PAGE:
Ann's a snob
In her recent article ["Kiss and tell," June 6], did Ann Zimmerman really need to wield such a snobbish, cruel poetic license?
"Weather-beaten cottage...?" Zimmerman couldn't have been describing Harry Preston's immaculately kept home. Did she miss the sculpted English garden that fills Preston's backyard, and the beautiful flower beds in front? The energy this trim, vigorous man in his 70s devotes to the upkeep of his home and garden, cooking for his dinner parties, physical fitness, his work, and his friends would exhaust a 30-year-old.
Admittedly, an accurate description of a modest, middle-class home would not make as vivid a read as Zimmerman's hyperbole-laced settings. Her use of words such as "dreary," "drab," and "ticky-tacky" to condemn the occupations and communities of hard-working individuals who challenge themselves to do more than sit in front of the tube after work probably won't dissuade them; but the judgmental, inaccurate descriptions she uses to write about beginning writers is unforgivably destructive.
Evidently, Zimmerman sprang from the womb possessing a wildly successful writing career and untold wealth, skipping over the usual dues-paying years of those she writes about. Or, maybe she's simply an ordinary writer without the journalistic skill and ethics to know the difference between fact and opinion.
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John and Deborah Brown
I would like to point out just a few of the factual errors in the Observer article regarding Harry Preston ["Kiss and tell," June 6].
My quote, "Harry minces no words...he invites everyone and spares no one," was not in reference to his screenwriting seminars, but to his regular Friday-night sessions at his home. And if you take your writing seriously, you don't want to be spared. The quote was actually intended as a compliment to Harry's group, but certainly did not appear that way in the article.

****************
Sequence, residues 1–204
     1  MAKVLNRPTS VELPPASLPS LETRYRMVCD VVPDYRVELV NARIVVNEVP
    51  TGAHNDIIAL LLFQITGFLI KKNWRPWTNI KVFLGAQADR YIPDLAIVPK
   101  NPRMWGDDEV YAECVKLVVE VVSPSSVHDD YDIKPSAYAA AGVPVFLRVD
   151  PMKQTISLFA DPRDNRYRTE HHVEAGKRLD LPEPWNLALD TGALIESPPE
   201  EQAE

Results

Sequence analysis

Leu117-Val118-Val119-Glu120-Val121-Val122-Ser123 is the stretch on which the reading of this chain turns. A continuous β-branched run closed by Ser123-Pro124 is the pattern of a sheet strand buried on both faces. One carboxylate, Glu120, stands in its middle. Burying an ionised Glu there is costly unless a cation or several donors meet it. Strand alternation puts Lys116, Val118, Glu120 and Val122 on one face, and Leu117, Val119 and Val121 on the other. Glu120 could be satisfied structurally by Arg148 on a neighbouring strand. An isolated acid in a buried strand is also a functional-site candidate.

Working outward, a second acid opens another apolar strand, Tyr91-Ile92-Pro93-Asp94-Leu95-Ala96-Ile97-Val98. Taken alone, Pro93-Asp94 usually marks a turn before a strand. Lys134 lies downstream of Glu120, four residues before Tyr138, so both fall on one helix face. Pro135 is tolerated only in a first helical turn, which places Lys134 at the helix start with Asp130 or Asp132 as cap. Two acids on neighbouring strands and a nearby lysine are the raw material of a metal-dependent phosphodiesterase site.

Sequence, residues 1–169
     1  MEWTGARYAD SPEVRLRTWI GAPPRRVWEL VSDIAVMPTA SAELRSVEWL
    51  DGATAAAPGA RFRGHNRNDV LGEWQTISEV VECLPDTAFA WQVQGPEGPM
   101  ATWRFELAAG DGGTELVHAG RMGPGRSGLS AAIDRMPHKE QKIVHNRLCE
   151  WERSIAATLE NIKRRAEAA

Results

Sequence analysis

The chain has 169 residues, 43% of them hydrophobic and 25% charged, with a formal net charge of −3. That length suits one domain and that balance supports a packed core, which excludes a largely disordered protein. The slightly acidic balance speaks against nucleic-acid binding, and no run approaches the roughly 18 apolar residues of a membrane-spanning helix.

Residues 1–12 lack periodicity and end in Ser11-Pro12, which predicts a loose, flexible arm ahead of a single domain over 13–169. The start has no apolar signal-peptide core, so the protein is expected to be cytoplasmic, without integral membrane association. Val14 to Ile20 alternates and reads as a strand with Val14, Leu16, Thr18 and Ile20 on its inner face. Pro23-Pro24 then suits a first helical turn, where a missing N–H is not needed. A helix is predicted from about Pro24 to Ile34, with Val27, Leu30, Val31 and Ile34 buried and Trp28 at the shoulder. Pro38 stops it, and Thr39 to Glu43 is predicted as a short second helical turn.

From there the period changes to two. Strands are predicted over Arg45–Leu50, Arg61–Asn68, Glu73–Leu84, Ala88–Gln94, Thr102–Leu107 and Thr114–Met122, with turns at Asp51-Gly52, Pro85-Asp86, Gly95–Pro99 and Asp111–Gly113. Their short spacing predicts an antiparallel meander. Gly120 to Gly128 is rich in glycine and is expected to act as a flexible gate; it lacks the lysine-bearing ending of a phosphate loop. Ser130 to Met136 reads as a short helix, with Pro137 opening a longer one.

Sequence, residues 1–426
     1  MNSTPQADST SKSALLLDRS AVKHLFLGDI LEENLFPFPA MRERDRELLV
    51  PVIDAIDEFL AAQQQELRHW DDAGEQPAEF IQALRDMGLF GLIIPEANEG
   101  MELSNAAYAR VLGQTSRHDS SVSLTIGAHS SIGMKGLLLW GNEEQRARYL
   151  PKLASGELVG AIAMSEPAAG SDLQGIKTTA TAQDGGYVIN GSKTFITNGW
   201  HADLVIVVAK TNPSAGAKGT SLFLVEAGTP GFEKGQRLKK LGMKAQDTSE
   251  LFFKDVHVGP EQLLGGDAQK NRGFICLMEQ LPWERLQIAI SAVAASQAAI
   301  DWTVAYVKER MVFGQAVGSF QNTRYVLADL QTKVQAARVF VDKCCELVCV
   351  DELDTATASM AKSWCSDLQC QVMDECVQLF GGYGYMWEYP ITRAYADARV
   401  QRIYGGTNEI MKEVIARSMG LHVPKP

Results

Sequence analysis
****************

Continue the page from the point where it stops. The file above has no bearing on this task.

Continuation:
I did not send out 80 screenplays to various agencies, but 80 query letters to determine who might actually want to review a copy of the screenplay in question.
The reason I told the "80 screenplays" anecdote to Zimmerman was not made clear. The point I was making to Zimmerman is that while Harry has never had a notable success, there are very few people trying to make it in the movie business who ever do--as my story demonstrates, it's tough to get anyone in the entertainment industry to even turn their head in your direction, much less turn your screenplay into a movie.
Finally, I restate my position, hopefully clear of Zimmerman's malicious interference: While he certainly may have his share of detractors, Harry's generosity continues to encourage many beginning screenwriters in one of the toughest industries to break into. Why didn't Zimmerman interview Eric Pruitt, a regular at Preston's Friday-night sessions, who was announced as the winner of a recent local screenwriting contest at the session she attended?
If Harry is a failure, then so are most of us.
Ann's a meanie
As I am mentioned in Ann Zimmerman's mean-spirited article on Harry Preston ["Kiss and tell," June 6], Harry sent me a copy. I read it with outraged disbelief.
I have known Harry personally and professionally for 26 years. We first met in Los Angeles when I was a reporter-critic at the Hollywood Reporter, and Harry was a writer at MGM. He has always been highly respected in the entertainment industry as a consummate professional. Harry is not the self-deluding wannabe your reporter sneeringly portrays, but has made a successful career in the film industry as a writer, director, and producer.
Your writer states that in five years as a literary agent, Harry "has yet to sell anything." This is incorrect. I am a screenwriter, and two years ago Harry represented (and advised and encouraged me) on my feminist western, "Bell And Her Boys," that he sold to Bob Banner Productions within three weeks of completion. This same script was honored just last Friday at the 1996 Hudson Valley Film Festival in New York.
I was shocked at the quotes from his students, especially Ed Brickell, whom I met when I flew in to speak at one of Harry's Friday-night workshops. It is sad that, after they have benefited from Harry's no-nonsense teaching, they now dismiss him as "a joke."
I don't think Zimmerman has any understanding of the reality of the film industry. Not everyone can be a star. It takes courage and dedication to hang on in this tough, demanding business--and a survivor like Harry is a lesson in himself.
Morna Murphy Martell
What about Ann?
I was happy to see your story about Harry Preston, who richly deserves recognition ["Kiss and tell," June 6]. I was a student two years ago. He knows his craft and knows how to inspire and help writers. I hope some day I can achieve as much as he has; he's a great guy and one of the kindest men I've ever known.
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